The report noted that it was easier to deal with construction permits in Malaba, register property in Mombasa, and enforce a contract in Garissa.

Kisumu County was viewed to be the most burdensome to start a business, while Nakuru posed difficulties in getting construction permits. In Isiolo, you would have to move mountains to register property while enforcing a contract in Nairobi was seen as a difficult task.

According to Edwin Rono, a financial consultant, key sectors that an investor can look out for in the counties are manufacturing, wholesale and retail, agriculture, tourism, energy, and financial services.

“Nonetheless,” he adds, “SME traders will have to be careful not to venture into saturated markets. The trick is to make your services or products unique.”

If you are eyeing agri-business, Nyandarua County is the place to go.

According to Rono, this is a goldmine that, if well exploited, could transform agri-traders into millionaires. Agriculture accounts for about 80 per cent of Kenya’s workforce and generates 30 per cent of revenue to the GDP.

According to the county integrated development plan, transforming agriculture from the traditional model to agri-business is a top priority.

Isaiah Karungu has been doing just that in the past year: “I had subsistence milk farms in North Kinangop and Passenga in Nyandarua. I didn’t think they could be sources of wealth and concentrated on other businesses in Nairobi.”

Since April 2013, Mr Karungu has established zero grazing units. “I sold my herd of 10 cows and brought four hybrid dairy cattle, which now fetch Sh90,000 a month.”


In Kajiado County, farmers now buy low-cost greenhouse tunnels to mitigate the effects of unpredictable rains. “I have an eight-by-30 metre greenhouse tunnel which I bought at Sh180,000 for tomato farming,” says Paul Lempaa. “My farming project has since been giving me Sh30,000 profit a month.”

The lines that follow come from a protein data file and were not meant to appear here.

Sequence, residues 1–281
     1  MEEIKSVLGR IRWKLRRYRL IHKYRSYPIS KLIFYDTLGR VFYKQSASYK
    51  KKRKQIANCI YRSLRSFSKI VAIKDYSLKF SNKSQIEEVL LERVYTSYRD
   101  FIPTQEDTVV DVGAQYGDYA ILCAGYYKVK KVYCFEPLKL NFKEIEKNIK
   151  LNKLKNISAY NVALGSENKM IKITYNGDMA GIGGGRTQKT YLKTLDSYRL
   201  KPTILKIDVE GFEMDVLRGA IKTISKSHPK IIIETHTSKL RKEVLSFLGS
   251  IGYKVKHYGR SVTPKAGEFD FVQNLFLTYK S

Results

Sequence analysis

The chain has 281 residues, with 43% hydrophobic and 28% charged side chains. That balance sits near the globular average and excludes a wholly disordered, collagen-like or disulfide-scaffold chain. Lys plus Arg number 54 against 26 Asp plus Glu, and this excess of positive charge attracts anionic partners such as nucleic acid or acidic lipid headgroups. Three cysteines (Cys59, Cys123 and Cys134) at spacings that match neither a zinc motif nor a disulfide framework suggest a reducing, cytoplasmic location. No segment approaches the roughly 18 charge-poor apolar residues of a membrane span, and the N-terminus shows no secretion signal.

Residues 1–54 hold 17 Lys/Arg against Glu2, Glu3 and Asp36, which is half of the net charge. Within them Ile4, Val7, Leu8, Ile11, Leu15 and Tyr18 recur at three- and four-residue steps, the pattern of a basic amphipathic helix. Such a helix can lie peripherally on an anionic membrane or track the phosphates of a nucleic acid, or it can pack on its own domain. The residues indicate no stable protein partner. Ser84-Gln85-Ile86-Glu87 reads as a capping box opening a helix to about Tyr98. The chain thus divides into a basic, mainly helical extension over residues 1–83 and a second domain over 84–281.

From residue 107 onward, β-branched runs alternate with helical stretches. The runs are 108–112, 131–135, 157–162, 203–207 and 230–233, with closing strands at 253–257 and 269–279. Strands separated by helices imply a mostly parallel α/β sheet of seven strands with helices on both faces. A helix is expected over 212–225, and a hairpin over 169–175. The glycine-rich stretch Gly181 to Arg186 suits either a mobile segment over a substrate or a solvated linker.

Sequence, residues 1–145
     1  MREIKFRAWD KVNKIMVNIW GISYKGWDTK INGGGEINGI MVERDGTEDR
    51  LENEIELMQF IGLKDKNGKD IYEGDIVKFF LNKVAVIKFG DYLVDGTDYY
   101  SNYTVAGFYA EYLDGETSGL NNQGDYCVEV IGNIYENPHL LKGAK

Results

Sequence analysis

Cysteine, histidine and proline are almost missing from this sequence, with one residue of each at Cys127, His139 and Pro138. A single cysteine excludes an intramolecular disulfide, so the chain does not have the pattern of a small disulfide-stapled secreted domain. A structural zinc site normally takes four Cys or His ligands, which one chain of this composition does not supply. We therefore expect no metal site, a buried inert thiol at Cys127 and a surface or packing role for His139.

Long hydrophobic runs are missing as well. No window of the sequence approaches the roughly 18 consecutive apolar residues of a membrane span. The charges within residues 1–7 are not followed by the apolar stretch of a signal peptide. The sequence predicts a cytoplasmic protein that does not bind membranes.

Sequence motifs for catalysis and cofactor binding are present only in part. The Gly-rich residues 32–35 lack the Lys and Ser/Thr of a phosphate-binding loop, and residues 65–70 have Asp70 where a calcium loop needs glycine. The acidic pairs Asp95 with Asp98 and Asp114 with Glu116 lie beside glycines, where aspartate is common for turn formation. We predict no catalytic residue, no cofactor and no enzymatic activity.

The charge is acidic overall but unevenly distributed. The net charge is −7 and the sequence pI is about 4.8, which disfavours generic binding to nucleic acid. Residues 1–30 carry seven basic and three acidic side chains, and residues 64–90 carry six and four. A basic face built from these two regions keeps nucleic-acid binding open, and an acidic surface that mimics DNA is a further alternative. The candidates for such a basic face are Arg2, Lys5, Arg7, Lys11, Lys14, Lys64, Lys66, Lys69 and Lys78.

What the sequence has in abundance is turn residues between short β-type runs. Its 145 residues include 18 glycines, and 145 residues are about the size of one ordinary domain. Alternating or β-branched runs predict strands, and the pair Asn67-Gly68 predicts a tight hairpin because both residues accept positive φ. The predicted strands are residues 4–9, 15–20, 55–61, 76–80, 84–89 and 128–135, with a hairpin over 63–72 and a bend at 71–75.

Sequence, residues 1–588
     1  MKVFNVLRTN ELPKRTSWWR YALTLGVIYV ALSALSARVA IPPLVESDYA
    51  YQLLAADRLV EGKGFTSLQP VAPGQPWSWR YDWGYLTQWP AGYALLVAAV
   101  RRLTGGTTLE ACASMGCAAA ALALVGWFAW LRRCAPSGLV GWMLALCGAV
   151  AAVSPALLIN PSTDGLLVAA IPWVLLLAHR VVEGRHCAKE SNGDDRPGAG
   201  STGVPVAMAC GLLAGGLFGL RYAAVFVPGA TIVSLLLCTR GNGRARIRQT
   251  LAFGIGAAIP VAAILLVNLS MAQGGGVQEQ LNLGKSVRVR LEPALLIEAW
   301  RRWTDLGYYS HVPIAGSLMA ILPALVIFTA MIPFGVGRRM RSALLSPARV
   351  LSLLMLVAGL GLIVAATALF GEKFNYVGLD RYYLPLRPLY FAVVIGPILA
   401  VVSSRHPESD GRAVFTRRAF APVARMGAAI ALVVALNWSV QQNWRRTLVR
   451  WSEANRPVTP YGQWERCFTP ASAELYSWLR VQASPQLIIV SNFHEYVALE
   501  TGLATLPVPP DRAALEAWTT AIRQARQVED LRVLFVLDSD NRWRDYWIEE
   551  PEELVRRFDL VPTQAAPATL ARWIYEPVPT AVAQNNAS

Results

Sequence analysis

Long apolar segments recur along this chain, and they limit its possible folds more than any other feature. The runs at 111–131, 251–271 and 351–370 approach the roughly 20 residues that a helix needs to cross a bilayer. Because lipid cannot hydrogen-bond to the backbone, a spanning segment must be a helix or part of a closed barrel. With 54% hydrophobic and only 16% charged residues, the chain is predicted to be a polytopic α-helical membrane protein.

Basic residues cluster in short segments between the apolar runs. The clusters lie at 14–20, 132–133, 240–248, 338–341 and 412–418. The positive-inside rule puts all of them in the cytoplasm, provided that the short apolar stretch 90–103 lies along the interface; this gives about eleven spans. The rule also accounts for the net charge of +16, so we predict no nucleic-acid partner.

In Nakuru County, the ballooning middle class in its big towns has been fuelling business growth, especially in consumer goods. The county has a population of about 300,000 and is currently Kenya’s fourth largest town. In 2011, a report by UN-Habitat reported Nakuru town as the fastest growing town in East and Central Africa. For businessmen looking for ventures in the area, construction and consumer goods such as food and beverages and personal and home-care services are the leading big money opportunities.

Interestingly, Nakuru County borders Baringo, Laikipia, Nyandarua, Kajiado, Narok, Bomet, and Kericho which, according to Rono, places the county strategically in an area that has the necessary raw materials to spur entrepreneurial growth. In the 2013/14 financial year, the Treasury allocated the county Sh7.2 billion, much of which was meant to go to boosting investment.

According to KenInvest, Nakuru County has also experienced growth in manufacturing. “Roads and reliable power sources have seen the manufacturing industry take off in Nakuru,” it notes.